In my last blog post, “ When Only Ayn Rand Says It All ,” I promised to say more about the continuing prosecution of James Brown as part of the infamous Nigerian Barge case—the first of the Enron cases to go to trial back in 2004.
Here, I will just note that a number of other bloggers have posted worthwhile comments on the recent turn of events in Brown’s case.
Defense lawyer Tom Kirkendall of Houston’s Clear Thinkers is always the go-to man on this case. See his blog post “Your Justice Department at Work.”
But Professor Larry Ribstein, now of “Truth on the Market,” is the perpetual runner. See his “The Dregs of the Enron Case.”
Christine Hurt, at “The Conglomerate,” has “The End of the Enron Nigerian Barge Case.”
But the usually reliable Ellen S. Podgor, of White Collar Crime Prof Blog, seems to have missed the central point in her blog post “The Government ‘Finally”Dismisses Charges in Enron Barge Case.” The prosecution did not “wait right up to the trial date” to ask for a dismissal of charges. It waited right up to the trial date to ask for an indefinite continuance, and it got exposed for playing games with the court and the defendant. With its motion for a continuance rejected, the government was unable to proceed to trial. That’s why it asked for a dismissal.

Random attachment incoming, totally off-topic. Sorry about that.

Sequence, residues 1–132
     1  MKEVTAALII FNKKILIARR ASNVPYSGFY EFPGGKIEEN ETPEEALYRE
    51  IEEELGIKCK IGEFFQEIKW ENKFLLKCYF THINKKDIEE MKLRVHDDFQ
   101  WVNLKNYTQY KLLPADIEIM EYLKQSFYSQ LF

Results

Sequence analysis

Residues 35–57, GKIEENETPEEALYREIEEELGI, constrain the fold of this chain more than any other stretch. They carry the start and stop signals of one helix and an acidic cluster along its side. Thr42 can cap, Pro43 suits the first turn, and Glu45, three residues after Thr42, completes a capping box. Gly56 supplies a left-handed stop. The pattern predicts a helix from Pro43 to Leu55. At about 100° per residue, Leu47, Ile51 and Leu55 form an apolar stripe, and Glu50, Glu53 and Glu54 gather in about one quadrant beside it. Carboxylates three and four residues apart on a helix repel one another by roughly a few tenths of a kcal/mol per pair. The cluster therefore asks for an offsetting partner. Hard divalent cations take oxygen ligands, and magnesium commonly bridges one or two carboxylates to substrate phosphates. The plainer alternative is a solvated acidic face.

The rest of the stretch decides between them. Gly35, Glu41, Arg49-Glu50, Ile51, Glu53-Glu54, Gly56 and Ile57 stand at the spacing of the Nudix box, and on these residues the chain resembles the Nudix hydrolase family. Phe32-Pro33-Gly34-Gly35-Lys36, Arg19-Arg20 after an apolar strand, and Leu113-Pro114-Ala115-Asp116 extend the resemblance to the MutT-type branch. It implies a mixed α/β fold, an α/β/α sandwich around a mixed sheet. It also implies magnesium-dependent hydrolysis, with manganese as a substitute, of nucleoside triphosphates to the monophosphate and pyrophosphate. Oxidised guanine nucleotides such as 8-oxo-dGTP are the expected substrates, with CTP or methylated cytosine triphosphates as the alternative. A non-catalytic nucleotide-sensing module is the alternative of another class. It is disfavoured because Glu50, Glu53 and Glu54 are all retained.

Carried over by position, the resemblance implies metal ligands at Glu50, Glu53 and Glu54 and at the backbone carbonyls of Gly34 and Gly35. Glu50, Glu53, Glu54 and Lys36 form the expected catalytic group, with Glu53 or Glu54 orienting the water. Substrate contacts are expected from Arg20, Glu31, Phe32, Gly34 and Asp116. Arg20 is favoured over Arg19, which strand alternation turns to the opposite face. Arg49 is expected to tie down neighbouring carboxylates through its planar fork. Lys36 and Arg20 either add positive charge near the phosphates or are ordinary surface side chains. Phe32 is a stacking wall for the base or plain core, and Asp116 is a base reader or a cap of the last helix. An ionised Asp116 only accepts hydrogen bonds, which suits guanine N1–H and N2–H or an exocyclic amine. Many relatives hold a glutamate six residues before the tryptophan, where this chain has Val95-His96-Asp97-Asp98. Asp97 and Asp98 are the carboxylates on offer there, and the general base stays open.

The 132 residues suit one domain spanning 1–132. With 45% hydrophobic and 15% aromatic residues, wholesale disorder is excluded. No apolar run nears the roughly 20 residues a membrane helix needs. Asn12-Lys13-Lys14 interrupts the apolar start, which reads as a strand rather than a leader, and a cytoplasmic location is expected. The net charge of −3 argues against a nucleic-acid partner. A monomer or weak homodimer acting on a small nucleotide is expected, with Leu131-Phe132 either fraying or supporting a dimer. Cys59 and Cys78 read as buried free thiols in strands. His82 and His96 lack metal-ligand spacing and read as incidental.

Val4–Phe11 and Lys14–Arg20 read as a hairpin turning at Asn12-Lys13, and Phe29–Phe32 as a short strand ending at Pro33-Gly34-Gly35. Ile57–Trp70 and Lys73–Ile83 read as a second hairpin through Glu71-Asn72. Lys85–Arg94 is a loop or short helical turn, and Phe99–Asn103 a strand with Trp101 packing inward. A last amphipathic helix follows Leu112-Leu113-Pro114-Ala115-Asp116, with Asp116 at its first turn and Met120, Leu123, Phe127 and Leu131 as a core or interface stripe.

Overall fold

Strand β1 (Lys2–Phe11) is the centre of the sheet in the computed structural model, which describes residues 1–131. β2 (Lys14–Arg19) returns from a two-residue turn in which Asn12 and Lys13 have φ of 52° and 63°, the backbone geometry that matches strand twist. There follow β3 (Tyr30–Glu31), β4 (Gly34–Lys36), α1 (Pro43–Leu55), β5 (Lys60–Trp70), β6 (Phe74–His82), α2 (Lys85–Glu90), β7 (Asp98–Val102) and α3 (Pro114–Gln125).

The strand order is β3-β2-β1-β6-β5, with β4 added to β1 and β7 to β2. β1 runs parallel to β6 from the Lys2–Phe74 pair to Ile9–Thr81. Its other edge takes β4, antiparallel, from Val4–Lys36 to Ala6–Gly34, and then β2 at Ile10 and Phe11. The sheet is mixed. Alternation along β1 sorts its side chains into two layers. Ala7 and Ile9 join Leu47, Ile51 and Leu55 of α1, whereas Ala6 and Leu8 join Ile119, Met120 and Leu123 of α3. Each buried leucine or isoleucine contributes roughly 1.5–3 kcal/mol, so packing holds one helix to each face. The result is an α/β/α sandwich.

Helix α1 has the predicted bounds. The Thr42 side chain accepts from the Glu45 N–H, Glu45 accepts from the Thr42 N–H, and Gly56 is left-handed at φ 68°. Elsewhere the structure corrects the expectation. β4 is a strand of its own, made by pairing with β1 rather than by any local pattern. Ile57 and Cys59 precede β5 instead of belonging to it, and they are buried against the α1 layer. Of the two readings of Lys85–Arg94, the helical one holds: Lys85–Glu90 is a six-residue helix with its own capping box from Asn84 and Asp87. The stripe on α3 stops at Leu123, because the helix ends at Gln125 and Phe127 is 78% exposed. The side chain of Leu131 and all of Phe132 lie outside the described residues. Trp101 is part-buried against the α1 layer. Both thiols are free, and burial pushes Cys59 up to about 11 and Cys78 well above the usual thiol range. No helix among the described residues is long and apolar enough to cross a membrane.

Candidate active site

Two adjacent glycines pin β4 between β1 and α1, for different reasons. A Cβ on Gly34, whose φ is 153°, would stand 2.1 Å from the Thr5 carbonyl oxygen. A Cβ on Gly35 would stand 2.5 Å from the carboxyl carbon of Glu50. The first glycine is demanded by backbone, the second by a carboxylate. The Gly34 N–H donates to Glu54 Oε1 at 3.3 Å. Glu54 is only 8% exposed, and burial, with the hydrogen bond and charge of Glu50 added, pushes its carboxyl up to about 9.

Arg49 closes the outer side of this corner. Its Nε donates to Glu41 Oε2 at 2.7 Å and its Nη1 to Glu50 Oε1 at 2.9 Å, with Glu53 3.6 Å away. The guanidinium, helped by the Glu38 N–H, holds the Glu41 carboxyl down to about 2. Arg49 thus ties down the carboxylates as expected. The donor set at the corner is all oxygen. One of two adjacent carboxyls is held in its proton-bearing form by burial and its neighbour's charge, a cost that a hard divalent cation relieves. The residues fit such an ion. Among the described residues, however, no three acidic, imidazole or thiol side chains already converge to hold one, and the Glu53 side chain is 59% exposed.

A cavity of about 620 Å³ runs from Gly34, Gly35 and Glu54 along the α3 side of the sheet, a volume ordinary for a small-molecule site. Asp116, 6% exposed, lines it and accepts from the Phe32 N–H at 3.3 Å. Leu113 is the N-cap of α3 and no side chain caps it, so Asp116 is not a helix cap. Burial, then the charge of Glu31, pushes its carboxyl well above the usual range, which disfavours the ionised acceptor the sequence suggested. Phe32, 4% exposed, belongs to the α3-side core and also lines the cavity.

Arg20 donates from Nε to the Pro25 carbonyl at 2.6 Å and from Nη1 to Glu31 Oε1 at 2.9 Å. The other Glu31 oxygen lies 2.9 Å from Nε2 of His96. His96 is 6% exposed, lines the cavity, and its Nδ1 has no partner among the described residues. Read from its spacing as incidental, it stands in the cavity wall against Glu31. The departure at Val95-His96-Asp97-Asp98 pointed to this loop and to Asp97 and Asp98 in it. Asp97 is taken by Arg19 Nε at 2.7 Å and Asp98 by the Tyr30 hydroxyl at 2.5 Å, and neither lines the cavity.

Unfortunately, Christine Hurt also errs in the title of her blog post. The Nigerian Barge Case has not yet reached its end even now. Brown’s perjury and obstruction convictions remain, and he could yet be sent back to prison. Given what the government has done to him and his family, that should be absolutely unthinkable. But it is not. So, I will take a look at those convictions later this week.